Using crawling and hashing technologies to find child sexual abuse material – The Internet Watch Foundation
In our series on technologies that are used to stop child sexual abuse, we have written about how they work and what they are used for. Following our blogs on web crawlers and hash matching, this post looks at how the Internet Watch Foundation (IWF) uses these technologies.
The IWF Web Crawler
The IWF’s web crawler was developed around the same time that Project Arachnid developed theirs. The crawlers are built similarly, and both aim to crawl websites to push content into databases for verification and indexing. They both also follow links on pages to see whether they can find more child sexual abuse material on other pages. Does the world need more than one crawler? Yes. It provides resiliency. Should there be an issue with any one crawler, others will pick up the work.
Using PhotoDNA, the IWF crawler scans images and matches them against the information held in the IWF database. If there is a match within a certain distance, the URL will be sent back to be analysed and verified by a human. If the image is verified as a child sexual abuse image, a notice is issued to the site host.
Rather than just classifying the image as illegal or not, the IWF analysts grade images. The granularity fits the UK legal system which classifies images on a scale from 1-5. This granularity is a way of future proofing the database so that if the IWF image database were to be used in another country, the material relevant to that country could be pulled out.
To make the crawler even more effective, the IWF is also working to find ways to automate the review process more by using an artificial intelligence (AI) classifier. The aim is to develop a classifier that will return the likelihood of crawled images being child sexual abuse material.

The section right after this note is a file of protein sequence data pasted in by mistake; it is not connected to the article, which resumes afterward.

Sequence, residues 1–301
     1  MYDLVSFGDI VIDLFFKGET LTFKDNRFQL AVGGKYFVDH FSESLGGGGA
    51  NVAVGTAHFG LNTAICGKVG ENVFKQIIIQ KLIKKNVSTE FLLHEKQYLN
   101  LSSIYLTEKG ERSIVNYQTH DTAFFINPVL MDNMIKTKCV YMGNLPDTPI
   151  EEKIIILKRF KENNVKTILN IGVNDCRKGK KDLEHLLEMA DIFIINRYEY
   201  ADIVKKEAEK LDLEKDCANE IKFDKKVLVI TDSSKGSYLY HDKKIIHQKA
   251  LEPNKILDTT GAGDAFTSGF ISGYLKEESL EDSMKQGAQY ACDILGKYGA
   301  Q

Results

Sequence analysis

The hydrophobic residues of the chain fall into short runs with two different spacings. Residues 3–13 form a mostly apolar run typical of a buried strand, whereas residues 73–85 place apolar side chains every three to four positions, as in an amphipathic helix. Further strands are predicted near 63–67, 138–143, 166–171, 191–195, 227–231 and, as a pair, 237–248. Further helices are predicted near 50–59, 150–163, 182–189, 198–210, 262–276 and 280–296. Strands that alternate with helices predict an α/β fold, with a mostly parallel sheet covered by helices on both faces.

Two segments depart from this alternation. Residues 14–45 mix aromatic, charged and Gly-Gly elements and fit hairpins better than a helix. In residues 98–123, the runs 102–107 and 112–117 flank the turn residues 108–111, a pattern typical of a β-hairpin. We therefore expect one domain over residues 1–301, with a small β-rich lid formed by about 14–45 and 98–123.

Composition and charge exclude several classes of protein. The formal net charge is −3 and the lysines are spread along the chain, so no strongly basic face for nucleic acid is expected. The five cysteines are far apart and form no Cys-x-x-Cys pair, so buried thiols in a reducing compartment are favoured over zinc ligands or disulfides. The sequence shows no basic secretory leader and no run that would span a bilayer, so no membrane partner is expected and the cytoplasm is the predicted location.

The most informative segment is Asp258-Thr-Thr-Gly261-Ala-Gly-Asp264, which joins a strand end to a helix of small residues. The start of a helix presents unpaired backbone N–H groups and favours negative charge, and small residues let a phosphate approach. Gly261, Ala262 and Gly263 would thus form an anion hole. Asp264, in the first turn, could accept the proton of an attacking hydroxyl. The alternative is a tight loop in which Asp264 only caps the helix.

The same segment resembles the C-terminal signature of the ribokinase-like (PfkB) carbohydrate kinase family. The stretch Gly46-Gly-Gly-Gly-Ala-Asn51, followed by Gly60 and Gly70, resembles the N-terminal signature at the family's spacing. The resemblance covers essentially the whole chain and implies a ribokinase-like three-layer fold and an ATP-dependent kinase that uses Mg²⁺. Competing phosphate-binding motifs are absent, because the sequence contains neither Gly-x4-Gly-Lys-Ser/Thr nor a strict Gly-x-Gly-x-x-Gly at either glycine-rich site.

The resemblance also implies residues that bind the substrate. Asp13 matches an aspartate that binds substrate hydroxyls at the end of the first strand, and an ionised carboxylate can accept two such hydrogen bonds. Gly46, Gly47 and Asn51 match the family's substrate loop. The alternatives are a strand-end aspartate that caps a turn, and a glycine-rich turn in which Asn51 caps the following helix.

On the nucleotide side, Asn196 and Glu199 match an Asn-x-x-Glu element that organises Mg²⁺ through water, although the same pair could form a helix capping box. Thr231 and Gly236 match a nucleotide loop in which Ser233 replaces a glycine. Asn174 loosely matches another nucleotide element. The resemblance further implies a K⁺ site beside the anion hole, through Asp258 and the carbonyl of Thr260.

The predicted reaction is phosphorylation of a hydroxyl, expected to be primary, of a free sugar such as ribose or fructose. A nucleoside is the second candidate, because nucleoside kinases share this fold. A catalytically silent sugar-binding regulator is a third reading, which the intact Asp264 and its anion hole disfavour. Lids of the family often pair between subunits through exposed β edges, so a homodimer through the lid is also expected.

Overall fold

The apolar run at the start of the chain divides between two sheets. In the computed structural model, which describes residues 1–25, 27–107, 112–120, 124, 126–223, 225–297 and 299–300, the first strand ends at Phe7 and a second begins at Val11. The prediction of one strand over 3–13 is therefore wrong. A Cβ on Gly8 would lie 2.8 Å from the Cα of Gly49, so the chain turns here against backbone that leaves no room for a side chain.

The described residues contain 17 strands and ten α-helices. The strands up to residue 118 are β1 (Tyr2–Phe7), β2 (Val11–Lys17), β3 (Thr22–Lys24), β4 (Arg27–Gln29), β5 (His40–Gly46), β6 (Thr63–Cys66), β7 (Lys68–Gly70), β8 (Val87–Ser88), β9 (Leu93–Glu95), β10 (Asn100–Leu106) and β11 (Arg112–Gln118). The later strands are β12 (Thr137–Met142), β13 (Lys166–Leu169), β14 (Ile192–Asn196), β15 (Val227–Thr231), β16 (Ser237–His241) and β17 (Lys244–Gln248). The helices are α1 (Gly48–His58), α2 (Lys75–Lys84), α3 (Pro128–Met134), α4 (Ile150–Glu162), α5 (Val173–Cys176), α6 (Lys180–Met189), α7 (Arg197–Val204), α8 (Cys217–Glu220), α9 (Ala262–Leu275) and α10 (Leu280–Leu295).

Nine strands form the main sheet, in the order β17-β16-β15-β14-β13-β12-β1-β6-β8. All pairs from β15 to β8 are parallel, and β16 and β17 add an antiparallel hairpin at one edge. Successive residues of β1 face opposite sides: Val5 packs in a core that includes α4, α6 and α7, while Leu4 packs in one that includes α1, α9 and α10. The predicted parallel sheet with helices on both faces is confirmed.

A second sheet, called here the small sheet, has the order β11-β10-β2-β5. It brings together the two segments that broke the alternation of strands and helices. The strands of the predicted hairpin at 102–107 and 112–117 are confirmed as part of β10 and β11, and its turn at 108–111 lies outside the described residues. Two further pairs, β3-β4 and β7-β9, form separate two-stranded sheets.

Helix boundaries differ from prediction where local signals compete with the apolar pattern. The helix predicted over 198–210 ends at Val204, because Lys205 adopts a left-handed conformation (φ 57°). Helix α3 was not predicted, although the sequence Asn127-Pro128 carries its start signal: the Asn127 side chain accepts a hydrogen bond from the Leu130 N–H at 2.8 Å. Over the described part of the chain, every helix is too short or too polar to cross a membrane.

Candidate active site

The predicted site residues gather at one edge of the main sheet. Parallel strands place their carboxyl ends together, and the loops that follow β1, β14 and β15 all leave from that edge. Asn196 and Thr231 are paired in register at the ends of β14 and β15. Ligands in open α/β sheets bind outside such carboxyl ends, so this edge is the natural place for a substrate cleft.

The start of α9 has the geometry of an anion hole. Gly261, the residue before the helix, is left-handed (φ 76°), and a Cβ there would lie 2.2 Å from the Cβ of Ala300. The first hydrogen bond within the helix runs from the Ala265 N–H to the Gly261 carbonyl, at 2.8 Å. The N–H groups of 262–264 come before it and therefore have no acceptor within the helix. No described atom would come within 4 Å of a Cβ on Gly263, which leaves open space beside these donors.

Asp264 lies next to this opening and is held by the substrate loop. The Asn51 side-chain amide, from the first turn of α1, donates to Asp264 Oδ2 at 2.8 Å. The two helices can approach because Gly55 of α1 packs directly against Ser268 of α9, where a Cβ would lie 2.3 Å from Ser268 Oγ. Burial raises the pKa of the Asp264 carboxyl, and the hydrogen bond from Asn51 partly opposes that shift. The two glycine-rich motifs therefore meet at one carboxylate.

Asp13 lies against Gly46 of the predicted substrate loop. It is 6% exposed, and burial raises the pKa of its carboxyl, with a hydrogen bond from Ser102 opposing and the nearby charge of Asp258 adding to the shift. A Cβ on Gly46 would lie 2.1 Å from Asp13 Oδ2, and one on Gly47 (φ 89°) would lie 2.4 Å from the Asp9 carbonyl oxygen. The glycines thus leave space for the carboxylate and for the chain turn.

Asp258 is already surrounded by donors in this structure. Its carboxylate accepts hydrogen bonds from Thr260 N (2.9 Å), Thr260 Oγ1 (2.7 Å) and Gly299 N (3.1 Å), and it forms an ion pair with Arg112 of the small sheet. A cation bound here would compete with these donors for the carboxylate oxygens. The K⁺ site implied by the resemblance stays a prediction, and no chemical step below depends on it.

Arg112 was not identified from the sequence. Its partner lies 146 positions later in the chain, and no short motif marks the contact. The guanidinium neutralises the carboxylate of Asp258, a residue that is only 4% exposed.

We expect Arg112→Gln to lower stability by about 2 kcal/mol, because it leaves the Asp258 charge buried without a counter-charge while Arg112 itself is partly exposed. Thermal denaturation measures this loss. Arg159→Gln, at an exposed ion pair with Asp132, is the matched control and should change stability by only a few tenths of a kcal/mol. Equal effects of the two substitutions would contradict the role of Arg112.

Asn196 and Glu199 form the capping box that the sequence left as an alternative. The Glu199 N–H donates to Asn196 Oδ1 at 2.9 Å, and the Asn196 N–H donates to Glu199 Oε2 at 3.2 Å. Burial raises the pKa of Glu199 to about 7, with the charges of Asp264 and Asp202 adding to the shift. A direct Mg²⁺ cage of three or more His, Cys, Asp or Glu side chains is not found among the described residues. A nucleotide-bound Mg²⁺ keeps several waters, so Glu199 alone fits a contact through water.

The depth of the crawl
The IWF crawler is set to stop crawling after two URLs in depth if it has not found child sexual abuse material. Instead the crawler is sent off on new targeted searches several times daily. The new searches are informed either by intelligence gathered at the IWF or by information shared by the police and industry members.
There are several reasons for running the IWF crawler in this targeted way. One is resources and the other is what the IWF believe is the most efficient way of finding new material. In their experience it is rare that the crawler finds new child sexual abuse material after it has moved more than two links in depth to sites where it has not found child sexual abuse material.
With the introduction of GDPR, there are also new data laws that the IWF has to consider. GDPR is designed to harmonise data privacy laws across the EU, and following a human rights review by Lord McDonald, former head of the Crown Prosecution Service in the UK, the IWF was advised that crawlers cannot go too deeply without specific reasons.
Also in compliance with the GDPR, the IWF does not store datasets, but delete the material after it has been reviewed. Similarly, as laws are not unified in different countries of what is and what isn’t illegal, the IWF does not do automated notice and takedown.
Three types of crawls
In addition to setting the depth of the crawler, the IWF can configure the crawler to carry out different spans of searches. The most common search strategy is the targeted crawler; the one that is described above. The crawler can also be set to do a wider search on a certain group of URLs or IP-addresses. As this method is slower and less precise it is used more occasionally. Finally there is a dark web crawler that can find links to images on the open web, or generate intelligence on what is stored on the dark web to see if those images are also stored on the open web.
Direct notices or via INHOPE